For many farmers, the warmer temperatures means one thing — time to get the planters rolling. However, planting season also brings increased risk of physical injury and mental stress among farmworkers and families, says University of Missouri Extension safety and health specialist Karen Funkenbusch.
Before heading to the fields, it is critical to review basic safety lessons with workers and family members this spring.
Rural roadway safety
Remind others to share the road, slow down and watch rural roads for slow-moving farm equipment on hills and curves, says Funkenbusch.
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Farmers should check equipment for slow-moving vehicle (SMV) emblems and do a safety check of turn signals and mirrors before driving. Put cellphones down and reduce other distractions.
In addition to distractions, we should discourage children from riding on tractors. They can fall off or become injured in power takeoff accidents.
If there are children on the farm, make a habit of walking around equipment before starting the tractor, she says. Avoid loose-fitting clothing and tie back long hair to avoid PTO tragedies. Check out more guidelines here.
The National Ag Safety Database reports that the number of farm injuries involving animals ranks second only to machinery accidents.
Animals may look friendly but can easily feel spooked or threatened when approached by people who are not their usual caretakers. Train visitors to respect the animals and be alert around livestock.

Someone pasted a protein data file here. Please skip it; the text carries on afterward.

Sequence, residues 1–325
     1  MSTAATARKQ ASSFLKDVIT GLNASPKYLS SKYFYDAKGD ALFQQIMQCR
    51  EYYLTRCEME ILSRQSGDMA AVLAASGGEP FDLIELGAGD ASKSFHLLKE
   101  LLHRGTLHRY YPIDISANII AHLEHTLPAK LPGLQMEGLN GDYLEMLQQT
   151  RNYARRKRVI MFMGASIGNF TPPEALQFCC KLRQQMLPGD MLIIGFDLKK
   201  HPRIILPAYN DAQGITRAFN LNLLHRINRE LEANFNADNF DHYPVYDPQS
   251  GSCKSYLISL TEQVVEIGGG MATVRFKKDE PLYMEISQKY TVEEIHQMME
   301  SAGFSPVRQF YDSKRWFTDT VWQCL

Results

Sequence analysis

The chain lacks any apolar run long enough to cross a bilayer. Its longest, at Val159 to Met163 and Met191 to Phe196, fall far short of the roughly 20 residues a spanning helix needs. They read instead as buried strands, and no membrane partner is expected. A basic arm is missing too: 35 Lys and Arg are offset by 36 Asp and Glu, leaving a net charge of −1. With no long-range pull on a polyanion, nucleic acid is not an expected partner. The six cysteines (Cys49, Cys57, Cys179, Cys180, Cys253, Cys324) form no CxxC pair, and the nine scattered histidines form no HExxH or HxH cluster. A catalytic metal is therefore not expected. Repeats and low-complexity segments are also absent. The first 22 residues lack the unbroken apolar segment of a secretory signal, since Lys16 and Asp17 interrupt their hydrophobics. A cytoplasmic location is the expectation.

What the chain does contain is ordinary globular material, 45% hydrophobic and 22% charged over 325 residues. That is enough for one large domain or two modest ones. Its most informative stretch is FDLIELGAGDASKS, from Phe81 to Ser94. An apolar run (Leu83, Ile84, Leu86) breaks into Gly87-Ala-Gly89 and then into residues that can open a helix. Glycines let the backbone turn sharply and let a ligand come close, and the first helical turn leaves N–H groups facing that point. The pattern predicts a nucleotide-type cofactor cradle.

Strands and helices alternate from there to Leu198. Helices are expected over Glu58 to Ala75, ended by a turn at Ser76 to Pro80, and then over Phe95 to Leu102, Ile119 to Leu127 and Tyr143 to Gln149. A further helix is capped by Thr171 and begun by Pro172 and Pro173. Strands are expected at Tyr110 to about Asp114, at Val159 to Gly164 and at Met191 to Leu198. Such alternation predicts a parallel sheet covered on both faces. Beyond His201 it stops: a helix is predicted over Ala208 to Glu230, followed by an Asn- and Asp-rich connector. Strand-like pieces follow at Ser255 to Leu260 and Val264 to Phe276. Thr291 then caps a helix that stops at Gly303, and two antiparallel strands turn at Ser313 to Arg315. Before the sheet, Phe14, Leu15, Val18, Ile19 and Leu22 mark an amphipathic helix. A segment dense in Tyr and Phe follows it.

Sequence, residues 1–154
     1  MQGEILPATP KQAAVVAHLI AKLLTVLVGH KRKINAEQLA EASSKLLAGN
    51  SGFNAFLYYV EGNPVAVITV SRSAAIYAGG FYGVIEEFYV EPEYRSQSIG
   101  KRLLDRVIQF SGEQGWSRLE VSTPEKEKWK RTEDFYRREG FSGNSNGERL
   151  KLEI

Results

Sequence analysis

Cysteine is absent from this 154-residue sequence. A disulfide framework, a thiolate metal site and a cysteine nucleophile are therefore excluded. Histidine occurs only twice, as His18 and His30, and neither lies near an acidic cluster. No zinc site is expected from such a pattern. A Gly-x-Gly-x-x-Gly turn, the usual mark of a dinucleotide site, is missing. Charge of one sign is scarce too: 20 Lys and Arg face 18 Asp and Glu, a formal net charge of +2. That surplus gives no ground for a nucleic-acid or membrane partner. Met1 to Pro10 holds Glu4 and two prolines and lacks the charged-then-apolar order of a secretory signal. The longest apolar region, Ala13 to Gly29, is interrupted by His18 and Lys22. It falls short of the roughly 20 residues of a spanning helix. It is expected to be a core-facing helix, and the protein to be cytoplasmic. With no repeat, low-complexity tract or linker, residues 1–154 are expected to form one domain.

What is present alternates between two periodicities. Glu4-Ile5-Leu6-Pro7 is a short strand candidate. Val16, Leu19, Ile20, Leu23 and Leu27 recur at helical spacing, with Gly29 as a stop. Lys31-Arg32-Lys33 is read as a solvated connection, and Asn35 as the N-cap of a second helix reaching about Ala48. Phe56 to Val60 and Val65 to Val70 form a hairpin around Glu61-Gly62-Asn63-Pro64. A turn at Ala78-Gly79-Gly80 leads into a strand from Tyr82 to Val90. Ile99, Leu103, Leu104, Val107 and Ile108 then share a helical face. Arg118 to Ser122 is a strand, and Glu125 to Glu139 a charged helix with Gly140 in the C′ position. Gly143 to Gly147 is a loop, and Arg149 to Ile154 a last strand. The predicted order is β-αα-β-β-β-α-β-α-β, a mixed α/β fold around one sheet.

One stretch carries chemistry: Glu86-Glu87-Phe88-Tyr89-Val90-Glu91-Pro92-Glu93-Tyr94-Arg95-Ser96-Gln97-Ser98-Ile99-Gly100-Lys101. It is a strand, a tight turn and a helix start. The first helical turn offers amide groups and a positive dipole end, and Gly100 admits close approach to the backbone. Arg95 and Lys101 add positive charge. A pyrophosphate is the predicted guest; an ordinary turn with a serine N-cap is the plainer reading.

For more information on animal safety, visit the National Ag Safety Database here.
Many farm families own and operate all-terrain vehicles for work and fun, but ATVs are powerful and potentially dangerous vehicles.
Review owners manual rules and adhere to age and legal requirements. Follow recommendations on weight limits, number of riders and safety equipment such as helmets, eye protection and clothing. For more information on ATV safety, check out the ATV Safety Information Center here.
It is also important to train family members and workers to use proper personal protective equipment when working around herbicides, pesticides, and fertilizers. Thoroughly read, understand, and follow label instructions. Store chemicals in original containers and keep children away from them.
It is a great practice to know the telephone number of your local poison control center or the National Poison Control Center, 1-800-222-1222.
Stress less, sleep more
Many farm accidents result from stress or lack of sleep. Equipment breakdowns, untimely rains, and long hours can cause short-term stress that can reduce reaction times and prompt people to take shortcuts that lead to accidents.
According to the Centers for Disease Control and Prevention, adults need seven to nine hours of quality sleep daily.
In addition to sleep, stress is a huge factor in farm safety. On a national level, Farm Bureau provides resources for farmers and ranchers struggling with their demanding profession. Thankfully, many states have their own resources through their own extension offices for local farmers and ranchers as well.
Even though it is “go time” for many farmers, it is also important to take the proper time to allow for safety on the farm to ensure a successful planting season.